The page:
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A free floating commentary on culture, politics, economics, and religion based on a passionate commitment to the truth and a desire graciously to refute that which is contrary to it….
"He must hold firm to the sure word as taught, so that he may be able to give instruction in sound doctrine and also to confute those who contradict it."
--Titus 1:9, Revised Standard Version
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Christians have not come to believe that the God of the Bible is a Trinity because they have sensed his resemblance to some leaf, drink, or political structure. Christians insist on the Trinity because of Jesus Christ, the Son of God. As the Son of God, Jesus reveals a God who is a Father. Before anything else, that is the eternal identity of the God revealed in Jesus. "Father," says Jesus in John 17:24, "you loved me before the creation of the world." Before all things, the God made known in Jesus was a Father loving his Son.
This is precisely why the apostle John can write that "God is love" (1 John 4:8, emphasis added), for this God would not be who he is if he did not love. If at any time the Father did not have a Son to whom he gave his life and love, then he simply would not be a Father. To be who he is, then, this God must give out life and love. And so we begin to see why the Trinity is such good news: God is love because God is a Trinity, because for eternity this God has been giving out—positively bursting with—love for his Son.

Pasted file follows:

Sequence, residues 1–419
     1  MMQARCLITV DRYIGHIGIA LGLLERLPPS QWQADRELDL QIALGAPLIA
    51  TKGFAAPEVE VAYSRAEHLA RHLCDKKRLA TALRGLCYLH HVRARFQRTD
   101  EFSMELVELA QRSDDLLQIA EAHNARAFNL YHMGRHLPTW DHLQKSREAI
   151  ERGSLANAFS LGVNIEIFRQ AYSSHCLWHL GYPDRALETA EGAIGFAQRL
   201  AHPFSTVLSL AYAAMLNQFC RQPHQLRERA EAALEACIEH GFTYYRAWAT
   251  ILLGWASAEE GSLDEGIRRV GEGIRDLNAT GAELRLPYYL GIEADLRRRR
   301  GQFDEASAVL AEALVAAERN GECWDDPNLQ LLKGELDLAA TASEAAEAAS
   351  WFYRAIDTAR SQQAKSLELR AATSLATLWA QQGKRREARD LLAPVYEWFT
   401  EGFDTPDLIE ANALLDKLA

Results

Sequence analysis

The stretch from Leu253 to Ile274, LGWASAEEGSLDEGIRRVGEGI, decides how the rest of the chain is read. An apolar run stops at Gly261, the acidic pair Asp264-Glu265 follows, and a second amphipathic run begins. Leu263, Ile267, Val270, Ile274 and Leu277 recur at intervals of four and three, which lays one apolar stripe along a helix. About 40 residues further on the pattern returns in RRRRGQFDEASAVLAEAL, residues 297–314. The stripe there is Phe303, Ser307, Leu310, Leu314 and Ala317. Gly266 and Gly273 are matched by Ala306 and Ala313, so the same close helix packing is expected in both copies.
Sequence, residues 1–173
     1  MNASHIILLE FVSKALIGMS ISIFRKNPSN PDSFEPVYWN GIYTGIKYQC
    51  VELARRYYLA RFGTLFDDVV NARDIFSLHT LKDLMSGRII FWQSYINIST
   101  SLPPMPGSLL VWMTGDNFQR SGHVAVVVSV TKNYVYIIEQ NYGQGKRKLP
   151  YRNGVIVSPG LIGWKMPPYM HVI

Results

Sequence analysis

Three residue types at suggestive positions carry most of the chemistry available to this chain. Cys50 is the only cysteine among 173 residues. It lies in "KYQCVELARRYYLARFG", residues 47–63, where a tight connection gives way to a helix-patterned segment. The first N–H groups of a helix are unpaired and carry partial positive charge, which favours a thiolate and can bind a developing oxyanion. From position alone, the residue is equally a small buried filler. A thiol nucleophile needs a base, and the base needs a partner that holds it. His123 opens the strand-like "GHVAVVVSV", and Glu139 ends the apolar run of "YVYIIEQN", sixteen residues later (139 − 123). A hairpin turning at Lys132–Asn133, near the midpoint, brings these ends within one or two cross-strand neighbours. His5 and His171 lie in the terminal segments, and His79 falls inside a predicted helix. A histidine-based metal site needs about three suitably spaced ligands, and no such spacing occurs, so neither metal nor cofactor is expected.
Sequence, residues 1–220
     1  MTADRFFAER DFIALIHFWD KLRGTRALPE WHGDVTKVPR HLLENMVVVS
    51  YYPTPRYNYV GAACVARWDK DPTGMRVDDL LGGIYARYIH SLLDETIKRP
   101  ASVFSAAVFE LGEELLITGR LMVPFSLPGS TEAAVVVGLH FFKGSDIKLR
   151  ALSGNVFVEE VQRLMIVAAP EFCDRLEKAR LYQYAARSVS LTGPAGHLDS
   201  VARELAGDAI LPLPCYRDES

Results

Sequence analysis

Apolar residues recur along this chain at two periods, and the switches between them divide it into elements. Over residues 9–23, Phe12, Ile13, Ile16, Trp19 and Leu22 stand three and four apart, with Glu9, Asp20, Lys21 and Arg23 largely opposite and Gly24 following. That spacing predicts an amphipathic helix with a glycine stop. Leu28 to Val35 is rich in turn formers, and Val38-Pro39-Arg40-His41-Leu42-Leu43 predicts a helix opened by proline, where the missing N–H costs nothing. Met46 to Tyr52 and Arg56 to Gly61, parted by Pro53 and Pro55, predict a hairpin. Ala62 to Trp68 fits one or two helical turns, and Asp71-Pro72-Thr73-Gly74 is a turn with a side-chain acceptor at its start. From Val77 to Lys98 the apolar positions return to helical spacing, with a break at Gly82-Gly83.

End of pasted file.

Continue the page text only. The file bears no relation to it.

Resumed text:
How the Father loves and delights in his Son is something we get to see in the baptism of Jesus. There the Father declares his love for his Son and his pleasure in him as the Spirit rests on the Son like a dove. For the Spirit is the one who makes the love of the Father known, causing the Son to cry "Abba!"....
All of which is to say, briefly, that when you start with the Jesus of the Bible, you inevitably arrive at a triune God. John wrote his gospel, he tells us, "that you may believe that Jesus is the Messiah, the Son of God, and that by believing you may have life in his name" (John 20:31). But even that simplest call to faith in Jesus is an invitation to a Trinitarian faith: Jesus is described as the Son of God. God is his Father. And he is the Messiah, the one anointed with the Spirit.
Yet while Jesus does reveal a triune God, this triune God that he makes known does not come across as anything like a philosophical headache. Here is a God who is delightfully different from all others, a God who is love: a Father, loving and giving life to his Son in the fellowship of the Spirit.
Read it all.
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